Genre: Fantasy Running Time: 1 hr. 55 min.
Release Date: November 16th, 2012 MPAA Rating: PG-13
Director: Bill Condon Actors: Kristen Stewart, Robert Pattinson, Taylor Lautner, Peter Facinelli, Ashley Greene, Jackson Rathbone, Billy Burke
icking up almost immediately after the events of “Breaking Dawn Part 1,” Bella Swan (Kristen Stewart) and Edward Cullen (Robert Pattinson) must brave raising their newborn child Renesmee (Mackenzie Foy) in a world where vampire children are forbidden. When Irina (Maggie Grace) spies close friend and werewolf guardian Jacob Black (Taylor Lautner) out for a snowy stroll with the rapidly growing Renesmee, she assumes the young girl was turned into a vampire as opposed to being born – which in vampire lore, represents an unignorable dilemma from permanent immaturity, potentially destructive tantrums, and general untrustworthiness. Betraying this inaccurate vision to the inflexible Volturi leader Aro (Michael Sheen), she incites a war between the Cullens and their sympathizers and Aro’s army of skillful followers.
There’s something exhilarating about the “Twilight Saga” finally coming to a close. The repetitious nature of witnessing Lautner dramatically remove his shirt, seeing scantily clad forest people metamorphosing into oversized werewolves that appear entirely too cuddly despite gritted canines, and looking at Stewart’s blank face trying desperately to emote, has equated to a tiresome journey. The numerous problems plaguing the series haven’t been solved, once again demonstrating the excruciating preposterousness of vampire strength and speed (and now more conspicuously the feeding on wild game), unconvincing computer graphics (isn’t this franchise much too lucrative to ignore possibilities outside of Rodeo FX and Hydraulx?), and an overabundance of comic relief.
The pervasive humor in “Breaking Dawn Part 2” is perhaps the greatest scourge of the production. The first half-hour is so blanketed by one-liner riffs that it’s difficult to understand the intent. These constant little jokes don’t progress the story and only serve to pollute the tone, which gravely requires seriousness to market sense for the wildly fanciful, fairy-tale-like characters. Imprinting, the love triangle, a very PG-13 sex scene, Bella arm-wrestling to prove her fortitude – all of these and more are purely comedic (while aspiring to be essential) and further detract from the severity of quenching bloodlust, rearing an enigmatic child, and engineering an army for an epic closing battle.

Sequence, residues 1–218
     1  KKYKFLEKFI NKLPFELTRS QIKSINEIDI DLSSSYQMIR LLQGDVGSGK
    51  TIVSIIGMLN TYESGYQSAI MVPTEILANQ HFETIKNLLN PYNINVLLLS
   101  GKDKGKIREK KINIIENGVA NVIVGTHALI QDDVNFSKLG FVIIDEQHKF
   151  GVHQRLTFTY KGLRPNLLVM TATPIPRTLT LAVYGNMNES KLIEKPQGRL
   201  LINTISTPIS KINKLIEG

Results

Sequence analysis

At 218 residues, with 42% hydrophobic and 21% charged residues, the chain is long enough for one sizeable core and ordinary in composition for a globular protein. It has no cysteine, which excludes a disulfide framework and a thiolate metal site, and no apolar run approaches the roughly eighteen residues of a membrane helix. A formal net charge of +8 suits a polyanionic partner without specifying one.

The casting of Michael Sheen is easily the most garish selection, bestowing upon the goofy role expressions, dialogue, and cackles that garner awkward laughs. Later, the elaboration of special powers beyond merely being immortal bloodsuckers (the mastery of electricity, elemental distortion, mind control, etc.) is presented as pathetically derivative of X-Men mutants. The lengths the vampires will go to conceal their vampirism has apparently made it necessary to exploit flashier abilities, akin to superheroes. Jacob even comments of Bella’s “Jedi training.”
Admittedly, it’s amusing to see the much-awaited culmination of the Volturi’s mercilessness and the Cullen’s protective righteousness. The highly anticipated, skull-ripping campaign isn’t without unexpected and momentous casualties. An unfortunate twist surrounds this momentary enthusiasm and welcome realization of acerbity and violence, however, revealing a method of misdirection tantamount to storytelling treason – which will unavoidably displease the casual or uneducated viewer (namely those not familiar with the book, should they exist in crowds for this release). At least Bella’s narration quickens the overly simplistic plot, resulting in a finale for the theatrical phenomenon clocking in at less than two hours.
– Mike Massie